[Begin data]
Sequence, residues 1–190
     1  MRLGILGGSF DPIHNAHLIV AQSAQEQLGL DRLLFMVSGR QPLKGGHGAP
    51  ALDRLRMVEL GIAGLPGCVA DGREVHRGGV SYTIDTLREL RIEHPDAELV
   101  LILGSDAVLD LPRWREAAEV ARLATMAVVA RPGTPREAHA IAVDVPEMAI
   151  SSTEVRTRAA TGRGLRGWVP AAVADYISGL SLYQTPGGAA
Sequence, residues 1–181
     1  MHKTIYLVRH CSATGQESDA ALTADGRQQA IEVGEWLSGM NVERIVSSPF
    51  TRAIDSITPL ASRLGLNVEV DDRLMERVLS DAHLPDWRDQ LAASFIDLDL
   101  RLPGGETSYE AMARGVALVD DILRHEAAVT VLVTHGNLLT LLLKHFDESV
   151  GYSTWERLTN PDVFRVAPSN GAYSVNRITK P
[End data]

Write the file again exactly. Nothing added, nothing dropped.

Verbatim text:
Sequence, residues 1–190
     1  MRLGILGGSF DPIHNAHLIV AQSAQEQLGL DRLLFMVSGR QPLKGGHGAP
    51  ALDRLRMVEL GIAGLPGCVA DGREVHRGGV SYTIDTLREL RIEHPDAELV
   101  LILGSDAVLD LPRWREAAEV ARLATMAVVA RPGTPREAHA IAVDVPEMAI
   151  SSTEVRTRAA TGRGLRGWVP AAVADYISGL SLYQTPGGAA
Sequence, residues 1–181
     1  MHKTIYLVRH CSATGQESDA ALTADGRQQA IEVGEWLSGM NVERIVSSPF
    51  TRAIDSITPL ASRLGLNVEV DDRLMERVLS DAHLPDWRDQ LAASFIDLDL
   101  RLPGGETSYE AMARGVALVD DILRHEAAVT VLVTHGNLLT LLLKHFDESV
   151  GYSTWERLTN PDVFRVAPSN GAYSVNRITK P